Quantitative and noninvasive measurement of protease activities has remained an imaging challenge in deep tissues such as the lungs. Here, we designed a dual-radiolabeled probe for reporting the activities of proteases such as matrix metalloproteinases (MMPs) with multispectral single photon emission computed tomography (SPECT) imaging. A gold nanoparticle (NP) was radiolabeled with 125I and 111In and functionalized with an MMP9-cleavable peptide to form a multispectral SPECT imaging contrast agent. In another design, incorporation of 199Au radionuclide into the metal crystal structure of gold NPs provided a superior and stable reference signal in lungs, and 111In was linked to the NP surface via a protease-cleavable substrate, which can serve as an enzyme activity reporter. This work reveals strategies to correlate protease activities with diverse pathologies in a tissue-depth independent manner.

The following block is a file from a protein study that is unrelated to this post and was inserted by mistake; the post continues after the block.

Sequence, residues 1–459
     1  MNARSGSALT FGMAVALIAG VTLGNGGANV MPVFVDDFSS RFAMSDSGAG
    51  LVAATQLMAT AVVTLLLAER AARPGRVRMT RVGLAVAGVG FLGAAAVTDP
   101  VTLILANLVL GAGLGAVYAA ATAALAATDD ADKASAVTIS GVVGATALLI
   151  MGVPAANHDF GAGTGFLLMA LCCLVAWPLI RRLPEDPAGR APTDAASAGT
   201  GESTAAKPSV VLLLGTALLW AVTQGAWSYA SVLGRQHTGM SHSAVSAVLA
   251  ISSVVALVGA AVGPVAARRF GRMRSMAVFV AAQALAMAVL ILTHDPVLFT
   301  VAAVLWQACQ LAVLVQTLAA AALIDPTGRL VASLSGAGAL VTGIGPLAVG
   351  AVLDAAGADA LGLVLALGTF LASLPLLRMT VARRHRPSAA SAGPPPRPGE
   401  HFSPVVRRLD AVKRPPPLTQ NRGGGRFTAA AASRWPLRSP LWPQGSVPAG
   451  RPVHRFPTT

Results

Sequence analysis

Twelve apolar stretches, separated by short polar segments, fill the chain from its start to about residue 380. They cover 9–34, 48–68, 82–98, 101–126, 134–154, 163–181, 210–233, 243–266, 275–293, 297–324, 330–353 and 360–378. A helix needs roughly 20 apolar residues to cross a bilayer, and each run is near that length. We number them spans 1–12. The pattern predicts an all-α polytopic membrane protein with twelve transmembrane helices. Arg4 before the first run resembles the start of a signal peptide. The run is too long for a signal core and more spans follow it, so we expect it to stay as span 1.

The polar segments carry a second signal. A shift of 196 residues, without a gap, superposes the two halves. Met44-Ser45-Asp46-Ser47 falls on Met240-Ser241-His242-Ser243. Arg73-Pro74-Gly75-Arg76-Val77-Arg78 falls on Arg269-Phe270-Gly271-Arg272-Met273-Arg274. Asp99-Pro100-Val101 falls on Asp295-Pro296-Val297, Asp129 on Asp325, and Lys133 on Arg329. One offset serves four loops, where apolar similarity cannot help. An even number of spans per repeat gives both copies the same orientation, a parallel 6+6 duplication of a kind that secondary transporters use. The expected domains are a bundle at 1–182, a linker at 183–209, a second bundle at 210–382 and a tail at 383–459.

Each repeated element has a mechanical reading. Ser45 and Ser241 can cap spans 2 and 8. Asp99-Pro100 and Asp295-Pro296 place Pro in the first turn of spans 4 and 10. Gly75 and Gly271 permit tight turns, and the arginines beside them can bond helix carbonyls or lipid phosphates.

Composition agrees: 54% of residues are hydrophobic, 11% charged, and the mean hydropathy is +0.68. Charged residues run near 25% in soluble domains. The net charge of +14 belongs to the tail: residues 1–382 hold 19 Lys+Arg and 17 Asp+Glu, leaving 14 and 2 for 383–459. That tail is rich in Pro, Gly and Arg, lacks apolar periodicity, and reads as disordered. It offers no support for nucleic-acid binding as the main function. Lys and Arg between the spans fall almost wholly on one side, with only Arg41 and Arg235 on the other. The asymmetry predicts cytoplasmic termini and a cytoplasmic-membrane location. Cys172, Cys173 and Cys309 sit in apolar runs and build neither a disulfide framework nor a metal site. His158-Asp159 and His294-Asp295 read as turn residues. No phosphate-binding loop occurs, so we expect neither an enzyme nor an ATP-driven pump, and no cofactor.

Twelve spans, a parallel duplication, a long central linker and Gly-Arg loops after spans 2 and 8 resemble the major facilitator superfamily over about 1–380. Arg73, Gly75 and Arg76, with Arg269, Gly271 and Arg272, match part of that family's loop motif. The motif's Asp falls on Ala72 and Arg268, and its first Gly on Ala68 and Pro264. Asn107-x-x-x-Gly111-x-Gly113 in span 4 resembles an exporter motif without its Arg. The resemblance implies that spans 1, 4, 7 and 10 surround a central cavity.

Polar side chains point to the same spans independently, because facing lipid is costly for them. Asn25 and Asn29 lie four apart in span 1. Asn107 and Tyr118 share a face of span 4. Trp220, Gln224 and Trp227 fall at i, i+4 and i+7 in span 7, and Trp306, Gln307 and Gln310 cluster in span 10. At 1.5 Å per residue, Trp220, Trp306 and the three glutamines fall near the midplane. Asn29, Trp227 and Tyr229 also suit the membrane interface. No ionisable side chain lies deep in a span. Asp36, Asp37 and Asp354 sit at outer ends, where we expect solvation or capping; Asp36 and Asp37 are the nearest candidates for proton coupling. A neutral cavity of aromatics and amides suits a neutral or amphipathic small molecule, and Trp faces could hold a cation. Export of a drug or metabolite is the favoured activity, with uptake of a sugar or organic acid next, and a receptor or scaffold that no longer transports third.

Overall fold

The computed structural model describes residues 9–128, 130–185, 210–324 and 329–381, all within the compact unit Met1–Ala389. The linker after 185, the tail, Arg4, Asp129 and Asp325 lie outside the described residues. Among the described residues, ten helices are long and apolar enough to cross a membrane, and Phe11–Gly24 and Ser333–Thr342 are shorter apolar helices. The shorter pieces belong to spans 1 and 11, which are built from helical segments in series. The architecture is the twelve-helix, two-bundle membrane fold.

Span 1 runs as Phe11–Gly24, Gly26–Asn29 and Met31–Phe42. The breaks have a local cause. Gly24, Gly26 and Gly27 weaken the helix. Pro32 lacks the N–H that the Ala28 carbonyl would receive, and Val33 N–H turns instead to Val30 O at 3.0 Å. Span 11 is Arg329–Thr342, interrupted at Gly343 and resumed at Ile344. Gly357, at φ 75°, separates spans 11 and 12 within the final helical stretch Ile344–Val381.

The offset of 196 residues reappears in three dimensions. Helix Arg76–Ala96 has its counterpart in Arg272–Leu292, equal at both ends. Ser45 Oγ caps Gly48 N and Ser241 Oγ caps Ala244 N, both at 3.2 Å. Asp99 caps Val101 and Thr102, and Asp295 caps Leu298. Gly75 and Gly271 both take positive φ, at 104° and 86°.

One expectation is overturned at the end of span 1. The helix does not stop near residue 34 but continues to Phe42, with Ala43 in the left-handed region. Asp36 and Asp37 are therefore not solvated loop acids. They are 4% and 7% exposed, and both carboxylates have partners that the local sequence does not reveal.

A biomimetic polydopamine (PD)-based strategy was employed for presenting antibodies on gold nanorods (NRs) to target cancer cells for photothermal therapy. PD was polymerized onto NRs, and epidermal growth factor receptor antibodies (anti-EGFR) were immobilized onto the layer. Anti-EGFR-PD-NRs specifically bound to EGFRoverexpressing cells as quantified by optical coherence tomography, and illumination enhanced cell death compared to non-irradiated or antibody-free controls.